His Eminence Christopher, Metropolitan of the Midwestern American Diocese, has said that if it were not for the influx of Chetniks in the late 1940’s and early 1950’s, Serbian church colonies in the United States would have been significantly weakened.
This is indeed true, since under the leadership of their Vojvoda Momcilo Djujic, the Chetniks helped to erect and support many churches in the diaspora. This is most vividly illustrated by the plaque prominently displayed as one enters St. Sava Monastery in Libertyville. The plaque quotes the last words of the founder of the Ravna Gora Chetnik resistance during WWII and the Chetnik’s beloved leader, General Draza Mihailovic, where he expresses his allegiance to God and country and ends with the following: “In memory of General Draza Mihailovic, this plaque was put in place by his freedom fighters, the Serbian Chetniks, who have erected the belfry and contributed toward the restoration of St. Sava Monastery.”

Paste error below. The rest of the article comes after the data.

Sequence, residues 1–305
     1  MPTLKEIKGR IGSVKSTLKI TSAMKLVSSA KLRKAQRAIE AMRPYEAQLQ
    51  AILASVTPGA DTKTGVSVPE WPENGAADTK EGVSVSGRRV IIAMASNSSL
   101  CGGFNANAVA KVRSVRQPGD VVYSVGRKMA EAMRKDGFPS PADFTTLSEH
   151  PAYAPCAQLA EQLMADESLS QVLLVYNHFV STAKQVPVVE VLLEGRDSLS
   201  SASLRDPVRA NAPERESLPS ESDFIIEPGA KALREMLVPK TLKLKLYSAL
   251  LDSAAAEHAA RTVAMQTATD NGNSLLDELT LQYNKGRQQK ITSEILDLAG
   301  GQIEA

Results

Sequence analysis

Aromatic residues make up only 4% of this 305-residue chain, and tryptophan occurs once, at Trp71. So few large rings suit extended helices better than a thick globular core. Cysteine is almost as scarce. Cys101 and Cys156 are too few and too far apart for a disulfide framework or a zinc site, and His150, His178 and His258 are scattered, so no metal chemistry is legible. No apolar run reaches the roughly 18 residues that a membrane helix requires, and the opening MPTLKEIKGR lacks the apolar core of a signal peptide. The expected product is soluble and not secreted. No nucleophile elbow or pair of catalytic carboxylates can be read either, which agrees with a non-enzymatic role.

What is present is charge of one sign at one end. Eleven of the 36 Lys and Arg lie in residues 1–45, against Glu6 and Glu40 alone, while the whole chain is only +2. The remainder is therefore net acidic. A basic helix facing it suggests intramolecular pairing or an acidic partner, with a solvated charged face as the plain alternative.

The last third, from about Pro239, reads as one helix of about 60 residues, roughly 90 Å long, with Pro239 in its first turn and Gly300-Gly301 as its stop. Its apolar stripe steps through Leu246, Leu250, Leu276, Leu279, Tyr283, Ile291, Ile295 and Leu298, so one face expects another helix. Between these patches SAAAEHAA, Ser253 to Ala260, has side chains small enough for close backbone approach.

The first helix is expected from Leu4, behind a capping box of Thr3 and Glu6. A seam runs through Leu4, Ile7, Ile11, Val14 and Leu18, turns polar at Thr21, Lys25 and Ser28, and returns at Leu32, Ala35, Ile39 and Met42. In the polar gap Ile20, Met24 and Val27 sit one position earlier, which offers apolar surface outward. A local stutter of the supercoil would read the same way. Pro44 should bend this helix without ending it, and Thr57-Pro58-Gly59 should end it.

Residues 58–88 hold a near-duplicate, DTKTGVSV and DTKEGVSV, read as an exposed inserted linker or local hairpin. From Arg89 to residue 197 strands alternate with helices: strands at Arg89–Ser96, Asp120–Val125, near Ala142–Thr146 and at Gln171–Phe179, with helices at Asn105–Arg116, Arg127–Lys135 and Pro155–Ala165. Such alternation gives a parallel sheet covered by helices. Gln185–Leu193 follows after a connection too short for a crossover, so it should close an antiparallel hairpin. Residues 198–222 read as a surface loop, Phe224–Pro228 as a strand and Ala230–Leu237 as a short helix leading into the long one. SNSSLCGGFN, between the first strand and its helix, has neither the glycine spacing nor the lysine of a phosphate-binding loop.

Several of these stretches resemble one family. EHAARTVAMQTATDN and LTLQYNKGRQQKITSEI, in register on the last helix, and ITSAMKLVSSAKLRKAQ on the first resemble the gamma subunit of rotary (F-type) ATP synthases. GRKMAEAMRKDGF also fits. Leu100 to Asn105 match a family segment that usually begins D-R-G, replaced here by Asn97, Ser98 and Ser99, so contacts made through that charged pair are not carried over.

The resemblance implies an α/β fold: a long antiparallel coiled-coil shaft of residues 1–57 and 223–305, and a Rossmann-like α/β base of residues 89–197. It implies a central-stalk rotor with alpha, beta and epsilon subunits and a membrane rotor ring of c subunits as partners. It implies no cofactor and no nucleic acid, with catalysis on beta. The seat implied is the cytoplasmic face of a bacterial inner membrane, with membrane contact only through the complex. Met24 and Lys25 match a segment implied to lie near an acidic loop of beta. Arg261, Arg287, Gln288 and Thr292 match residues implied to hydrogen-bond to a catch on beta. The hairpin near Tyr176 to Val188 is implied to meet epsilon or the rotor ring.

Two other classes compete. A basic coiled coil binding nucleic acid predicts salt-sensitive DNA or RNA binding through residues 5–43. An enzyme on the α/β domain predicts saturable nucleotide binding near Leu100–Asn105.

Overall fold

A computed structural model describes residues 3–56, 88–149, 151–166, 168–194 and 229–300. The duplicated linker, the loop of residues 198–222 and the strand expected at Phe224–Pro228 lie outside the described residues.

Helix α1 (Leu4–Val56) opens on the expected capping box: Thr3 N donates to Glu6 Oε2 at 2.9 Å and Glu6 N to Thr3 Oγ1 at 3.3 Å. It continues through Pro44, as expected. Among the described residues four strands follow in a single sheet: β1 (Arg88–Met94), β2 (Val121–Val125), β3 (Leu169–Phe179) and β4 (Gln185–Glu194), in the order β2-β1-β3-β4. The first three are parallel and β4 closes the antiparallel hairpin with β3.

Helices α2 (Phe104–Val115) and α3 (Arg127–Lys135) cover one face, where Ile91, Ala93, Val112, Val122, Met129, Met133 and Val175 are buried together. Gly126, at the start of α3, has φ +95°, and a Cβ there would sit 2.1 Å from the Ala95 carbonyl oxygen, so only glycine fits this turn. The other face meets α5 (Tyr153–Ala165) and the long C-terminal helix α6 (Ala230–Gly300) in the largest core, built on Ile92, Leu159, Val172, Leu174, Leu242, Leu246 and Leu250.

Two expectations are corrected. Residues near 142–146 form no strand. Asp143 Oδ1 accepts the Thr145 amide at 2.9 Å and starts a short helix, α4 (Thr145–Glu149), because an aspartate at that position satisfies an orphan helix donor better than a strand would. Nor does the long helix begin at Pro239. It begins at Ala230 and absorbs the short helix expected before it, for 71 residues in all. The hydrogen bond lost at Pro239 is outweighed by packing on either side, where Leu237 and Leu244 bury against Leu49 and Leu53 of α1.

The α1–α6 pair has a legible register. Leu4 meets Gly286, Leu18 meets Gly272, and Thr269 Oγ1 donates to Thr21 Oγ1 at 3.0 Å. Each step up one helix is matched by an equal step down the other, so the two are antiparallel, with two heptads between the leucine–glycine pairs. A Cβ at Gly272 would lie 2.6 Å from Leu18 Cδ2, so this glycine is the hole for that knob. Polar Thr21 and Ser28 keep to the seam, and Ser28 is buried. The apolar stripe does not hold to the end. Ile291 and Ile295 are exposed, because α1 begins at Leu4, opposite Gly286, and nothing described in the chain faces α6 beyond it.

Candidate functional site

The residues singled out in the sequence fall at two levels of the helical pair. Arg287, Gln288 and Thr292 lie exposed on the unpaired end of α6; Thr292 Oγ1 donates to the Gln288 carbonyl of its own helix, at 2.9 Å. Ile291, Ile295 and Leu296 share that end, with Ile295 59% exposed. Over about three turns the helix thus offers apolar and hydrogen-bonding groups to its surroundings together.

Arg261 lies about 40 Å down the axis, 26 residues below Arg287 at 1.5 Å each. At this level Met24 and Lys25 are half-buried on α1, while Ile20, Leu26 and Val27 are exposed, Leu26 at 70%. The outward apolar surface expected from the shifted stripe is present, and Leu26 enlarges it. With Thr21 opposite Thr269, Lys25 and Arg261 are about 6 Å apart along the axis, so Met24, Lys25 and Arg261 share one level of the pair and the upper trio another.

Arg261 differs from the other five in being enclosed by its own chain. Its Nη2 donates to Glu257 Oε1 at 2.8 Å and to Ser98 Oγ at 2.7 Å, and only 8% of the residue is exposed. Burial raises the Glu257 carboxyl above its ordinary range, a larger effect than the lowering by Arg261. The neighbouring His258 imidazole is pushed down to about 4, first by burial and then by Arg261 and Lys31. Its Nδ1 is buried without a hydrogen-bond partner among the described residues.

The Chicago chapter of the Movement of Serbian Chetniks Ravne Gore was formed in 1951, with Holy Resurrection serving as their home church. In 1973, the Bellwood Chetnik chapter, which had dwindled in number following the unfortunate church split, was asked by Vojvoda Djujic to merge with the Chicago chapter.
During its existence the Chicago Chapter of the Movement of Serbian Chetniks Ravne Gore has supported its Holy Resurrection Cathedral whenever called upon to include the various building projects throughout the years. They have also helped to restore old churches and build new Serbian churches and have been very active in church relief efforts to help our brothers and sisters in the Old Country, especially most recently during the 90’s wars. The Chetniks continue to honor their oath of supporting their Serbian Orthodox faith and will continue to do so as long as they remain.